By 15 September 2017 | Categories: interviews


It is telling of our times that trees, the towering, ancient giants of the world, responsible for so much of our ability to live on this planet, often go unnoticed, with people’s attention more readily captured by a 5” screen. But what if the appreciation for nature’s astonishing diversity could be fostered by technology, and most particularly, smartphones and tablet’s dominance in our lives?

This is exactly what the South African born TheTreeApp accomplishes, bringing more than 1 100 trees into the palm of one’s hand. In a lively interview, TheTreeApp’s creators, Val Thomas and Herman Van Den Berg, explained why their comprehensive guide to South African trees was developed, and what its founders hope to accomplish.

Thomas, who has a 30 year involvement with conservation publishing, explained that TheTreeApp was a dream that was conceived 12 years ago, when the app’s production was not possible from a technological point of view.

Val Thomas and Herman Van Den Berg

A better way

She pointed out that trees are complex and constantly changing, which meant that putting all the relevant information for more than 1 100 trees in a single book would be unworkable, at least 50 cm high, not to mention unspeakably heavy. And, for outdoor enthusiasts, hikers, botanists and conservationists who most logically would want to have the information available to them when they are out in the field, carting a massive book with them is not ideal.

Clearly there had to be a better way, and compiling massive amounts of information into an interactive app, posed a viable answer. As testament to how much information the app holds, it weighs in at 350 MB, mostly due to the images, with each tree, its leaves and plants being illustrated. Additionally, the app is available on both iOS and Android platforms – a decision that Van Den Berg explained was purposefully made. Better yet, the app is not marred by ads – it’s a once-off purchase of R500, nor is it dependent on being connected in order to be fully functional, with all its information being available offline.

Interestingly, what Thomas and Van Den Berg have accomplished echoes that of the ancient, nomadic Celts, who created a tree based numerical system called Ogham, and essentially carried their connection to their revered trees with them on their travels using portable wooden carvings.

Back to the modern world

Van Den Berg also addressed a current concern about the iOS version, reassuring that as it was written in its native language, it would be compatible with iOS 11 and further OS upgrades. This, at a time when users of numerous apps that weren’t developed in Apple’s native language are being warned that the app either has to be updated or will not work with the forthcoming iOS 11.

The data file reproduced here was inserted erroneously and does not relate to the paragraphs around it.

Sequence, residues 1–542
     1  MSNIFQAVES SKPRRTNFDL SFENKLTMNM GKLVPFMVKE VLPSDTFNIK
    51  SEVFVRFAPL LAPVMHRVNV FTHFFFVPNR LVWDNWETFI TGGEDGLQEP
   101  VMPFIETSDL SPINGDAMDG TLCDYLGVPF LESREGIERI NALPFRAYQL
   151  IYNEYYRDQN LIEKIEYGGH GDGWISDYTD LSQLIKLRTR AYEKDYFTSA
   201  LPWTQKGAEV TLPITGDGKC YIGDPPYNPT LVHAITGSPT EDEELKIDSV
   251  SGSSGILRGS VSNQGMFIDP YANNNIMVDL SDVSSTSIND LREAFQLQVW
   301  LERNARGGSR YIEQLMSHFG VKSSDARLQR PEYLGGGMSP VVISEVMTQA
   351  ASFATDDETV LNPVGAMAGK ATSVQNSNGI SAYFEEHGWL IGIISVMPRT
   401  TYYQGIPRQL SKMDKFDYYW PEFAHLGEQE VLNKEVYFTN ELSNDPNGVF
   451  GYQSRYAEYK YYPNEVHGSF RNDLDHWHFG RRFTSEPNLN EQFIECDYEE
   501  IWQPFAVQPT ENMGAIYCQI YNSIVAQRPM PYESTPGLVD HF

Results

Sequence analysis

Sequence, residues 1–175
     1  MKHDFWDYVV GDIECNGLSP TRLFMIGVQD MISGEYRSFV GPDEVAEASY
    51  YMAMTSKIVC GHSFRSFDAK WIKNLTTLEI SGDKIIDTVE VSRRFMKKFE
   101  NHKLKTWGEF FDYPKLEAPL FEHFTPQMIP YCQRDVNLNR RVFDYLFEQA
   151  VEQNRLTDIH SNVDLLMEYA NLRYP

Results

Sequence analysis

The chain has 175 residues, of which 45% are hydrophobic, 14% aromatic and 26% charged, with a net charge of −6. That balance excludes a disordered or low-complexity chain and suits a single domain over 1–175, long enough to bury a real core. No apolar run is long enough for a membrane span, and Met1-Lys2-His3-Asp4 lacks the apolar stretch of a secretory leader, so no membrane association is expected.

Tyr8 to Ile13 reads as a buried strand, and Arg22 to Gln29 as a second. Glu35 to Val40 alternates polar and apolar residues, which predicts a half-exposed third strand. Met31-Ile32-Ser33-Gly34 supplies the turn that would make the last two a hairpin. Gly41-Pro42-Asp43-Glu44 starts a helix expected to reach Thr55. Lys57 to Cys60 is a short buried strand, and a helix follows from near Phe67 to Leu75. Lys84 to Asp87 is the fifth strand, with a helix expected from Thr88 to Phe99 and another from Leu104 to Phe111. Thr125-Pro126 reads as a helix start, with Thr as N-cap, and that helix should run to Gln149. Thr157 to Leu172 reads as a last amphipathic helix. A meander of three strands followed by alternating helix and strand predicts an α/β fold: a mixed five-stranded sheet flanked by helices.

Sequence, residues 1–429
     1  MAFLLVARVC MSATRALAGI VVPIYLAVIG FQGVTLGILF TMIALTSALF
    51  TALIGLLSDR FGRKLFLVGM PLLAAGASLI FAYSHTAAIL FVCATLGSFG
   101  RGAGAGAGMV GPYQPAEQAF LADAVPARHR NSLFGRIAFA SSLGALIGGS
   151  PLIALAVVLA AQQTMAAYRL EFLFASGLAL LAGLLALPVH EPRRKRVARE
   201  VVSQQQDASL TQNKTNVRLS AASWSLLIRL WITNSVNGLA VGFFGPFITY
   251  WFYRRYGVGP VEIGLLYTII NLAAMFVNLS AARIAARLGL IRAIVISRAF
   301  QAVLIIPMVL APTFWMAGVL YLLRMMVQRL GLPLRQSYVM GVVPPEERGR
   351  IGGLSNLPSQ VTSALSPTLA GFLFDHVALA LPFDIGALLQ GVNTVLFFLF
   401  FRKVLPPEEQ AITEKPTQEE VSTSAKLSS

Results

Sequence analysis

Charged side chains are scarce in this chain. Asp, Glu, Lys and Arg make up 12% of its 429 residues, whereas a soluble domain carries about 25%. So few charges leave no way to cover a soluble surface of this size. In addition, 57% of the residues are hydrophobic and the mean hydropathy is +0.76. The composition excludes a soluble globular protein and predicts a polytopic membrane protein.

The app enables its users to whittle down the number of trees that they view at any one time by entering their location, and then filter species by whether they are indigenous to South Africa or invasive. Each tree then has its own map, allowing nature lovers to see where a particular type of tree is well populated and where more of its type needs to be planted.

Beyond that, Thomas enthused, TheTreeApp can also be used as a gardening guide. Firstly, users can drill down into the kind of tree they would like to plant, specifying how high it should reach, whether or not it has flowers, how large and what colour those flowers should be and of course whether it is suitable for their climate, and the app will suggest a selection of trees to consider.

“For you to find out what trees grow in Joburg that are as tall as an oak, have white flowers and can survive, will probably take a couple of hours worth of research. With the app we were able to accomplish it in seconds,” she enthused.

The secret lives of trees

What quickly became clear is there is so much more to trees than many realise. Thomas pointed out that trees are in fact always changing, both with the shift of the seasons, and in the course of their very long lifetimes.

“For example, as they reach a certain height they may be narrow up until they are 50 years old, and then suddenly their branches open up and grow in a completely different direction,” she noted. Additionally, trees’ value is not only in the fact that they provide life-giving oxygen and thus enhance well being, but they also promote serenity in the areas where they are allowed to thrive.

To my mind, an argument can be made that fostering a more active relationship with trees, both via an app and by observing and appreciating them in their environment, can be a source of permanence and reassurance in a world that has become more chaotic and turbulent.

“I believe inside each of us there is an affinity for trees that we just deny because we are so preoccupied by our technology. We may not always make time time for trees, but inside our deep souls every one of us knows that trees are valuable,” she commented. TheTreeApp, no doubt, is intended to help us remember.


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